The Supreme Court of Canada recently dismissed the application
by the Toronto Real Estate Board (TREB) for leave to appeal the
Federal Court of Appeal's judgment overruling a decision of the
Competition Tribunal that had dismissed the challenge of the
Commissioner of Competition (the Commissioner) to certain
restrictions by TREB on the manner in which its member real estate
agents can disseminate information from TREB's multiple listing
service. The Commissioner's application will therefore proceed
to a hearing on the merits before the Competition Tribunal.
The proceedings date back to May 2011, when the Commissioner
brought an abuse of dominance application under subsection 79(1) of
the Competition Act (Canada) (the
Act) against TREB, an incorporated trade association. TREB is the
largest real estate board in Canada with approximately 39,000
members. TREB is said to control a multiple listing service, which
contains data about sale prices, historical house prices, and the
amount of time a property has been on the market. The Commissioner
alleged that TREB had abused its dominance by denying its members
the ability to introduce new web-based real estate brokerage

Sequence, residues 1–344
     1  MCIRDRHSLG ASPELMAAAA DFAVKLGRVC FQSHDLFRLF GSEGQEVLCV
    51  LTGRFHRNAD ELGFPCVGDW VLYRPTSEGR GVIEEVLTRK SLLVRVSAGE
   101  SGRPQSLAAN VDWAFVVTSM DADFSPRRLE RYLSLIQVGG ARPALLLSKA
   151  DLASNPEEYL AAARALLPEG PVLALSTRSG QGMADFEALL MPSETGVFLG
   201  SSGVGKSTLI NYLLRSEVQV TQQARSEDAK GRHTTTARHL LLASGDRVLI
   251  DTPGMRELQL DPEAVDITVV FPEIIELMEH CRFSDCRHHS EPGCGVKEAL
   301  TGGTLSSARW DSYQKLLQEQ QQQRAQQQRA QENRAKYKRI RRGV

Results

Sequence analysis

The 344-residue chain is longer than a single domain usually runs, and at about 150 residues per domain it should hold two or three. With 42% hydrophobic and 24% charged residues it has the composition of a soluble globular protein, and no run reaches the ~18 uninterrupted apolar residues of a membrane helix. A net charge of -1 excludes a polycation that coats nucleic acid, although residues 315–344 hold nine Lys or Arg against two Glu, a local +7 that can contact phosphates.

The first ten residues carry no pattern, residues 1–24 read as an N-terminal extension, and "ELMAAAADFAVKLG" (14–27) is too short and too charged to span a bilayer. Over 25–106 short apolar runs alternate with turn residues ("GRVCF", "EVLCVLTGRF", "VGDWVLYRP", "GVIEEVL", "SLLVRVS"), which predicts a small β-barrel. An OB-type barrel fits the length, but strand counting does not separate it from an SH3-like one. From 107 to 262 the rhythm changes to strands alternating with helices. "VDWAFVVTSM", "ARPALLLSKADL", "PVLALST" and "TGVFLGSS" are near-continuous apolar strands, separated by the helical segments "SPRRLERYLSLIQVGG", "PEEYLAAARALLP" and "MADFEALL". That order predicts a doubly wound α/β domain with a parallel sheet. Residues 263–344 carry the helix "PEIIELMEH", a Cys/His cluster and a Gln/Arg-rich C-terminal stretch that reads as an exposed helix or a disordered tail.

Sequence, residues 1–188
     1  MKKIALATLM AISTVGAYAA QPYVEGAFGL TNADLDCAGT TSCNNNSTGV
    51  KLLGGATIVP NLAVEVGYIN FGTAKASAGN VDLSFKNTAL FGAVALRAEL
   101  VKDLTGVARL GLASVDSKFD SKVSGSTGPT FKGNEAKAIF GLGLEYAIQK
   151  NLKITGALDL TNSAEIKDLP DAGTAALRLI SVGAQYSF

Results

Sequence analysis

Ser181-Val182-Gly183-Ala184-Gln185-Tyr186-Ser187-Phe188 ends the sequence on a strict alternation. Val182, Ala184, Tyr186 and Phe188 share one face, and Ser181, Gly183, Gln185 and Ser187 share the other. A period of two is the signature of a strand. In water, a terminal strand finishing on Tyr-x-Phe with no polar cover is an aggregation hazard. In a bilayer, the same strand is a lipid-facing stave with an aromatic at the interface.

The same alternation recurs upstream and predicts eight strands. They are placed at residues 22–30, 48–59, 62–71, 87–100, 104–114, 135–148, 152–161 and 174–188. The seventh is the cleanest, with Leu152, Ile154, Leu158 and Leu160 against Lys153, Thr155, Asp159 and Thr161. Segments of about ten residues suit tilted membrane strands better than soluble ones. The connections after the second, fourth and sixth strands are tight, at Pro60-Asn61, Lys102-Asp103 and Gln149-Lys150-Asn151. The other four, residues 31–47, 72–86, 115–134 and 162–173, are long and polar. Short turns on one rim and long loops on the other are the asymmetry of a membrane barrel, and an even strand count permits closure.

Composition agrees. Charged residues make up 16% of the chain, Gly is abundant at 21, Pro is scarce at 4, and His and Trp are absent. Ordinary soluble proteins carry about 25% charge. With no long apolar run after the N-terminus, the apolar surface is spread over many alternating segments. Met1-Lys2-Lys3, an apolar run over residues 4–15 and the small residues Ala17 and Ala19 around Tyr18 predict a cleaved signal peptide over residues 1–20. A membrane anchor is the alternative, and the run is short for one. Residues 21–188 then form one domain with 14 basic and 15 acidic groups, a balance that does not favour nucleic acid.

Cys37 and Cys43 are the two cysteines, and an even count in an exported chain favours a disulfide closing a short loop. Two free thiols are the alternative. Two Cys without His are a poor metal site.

services by limiting the use members are allowed to make of the
listings and related data.
The Tribunal held that the abuse of
dominance provisions did not apply because TREB, as an association,
does not compete with its own members (or otherwise) in the market
for real estate brokerage services. As such, the Commissioner could
not demonstrate that the three requisite elements of abuse of
dominance in Canada had been met, i.e., (i) dominance of a market,
(ii)a practice of anti-competitive acts, resulting in (iii) a
substantial prevention or lessening of competition.
Federal Court of Appeal (FCA) Decision
On appeal, the FCA concluded that the Act's
abuse of dominance provisions do not require that a dominant party
be a competitor in the allegedly affected relevant market or that
its conduct be targeted at competitors. Accordingly, the FCA
concluded that the Tribunal had erred in dismissing the abuse of
dominance application brought by the Commissioner against TREB.
Supreme Court of Canada Decision
TREB filed an application to the
Supreme Court of Canada for leave to appeal the decision of the
FCA. In July 2014, the Supreme Court of Canada dismissed TREB's
application for leave to appeal. The application will now proceed
before the Competition Tribunal.
The FCA has taken an expansive view of the scope of abuse of
dominance in Canada, one which potentially gives the Commissioner
greater scope to bring proceedings against trade associations. The
Commissioner's application may provide the Competition Tribunal
with an opportunity to clarify how the law will treat trade
association rules or policies that impact the manner in which
members of trade associations compete.
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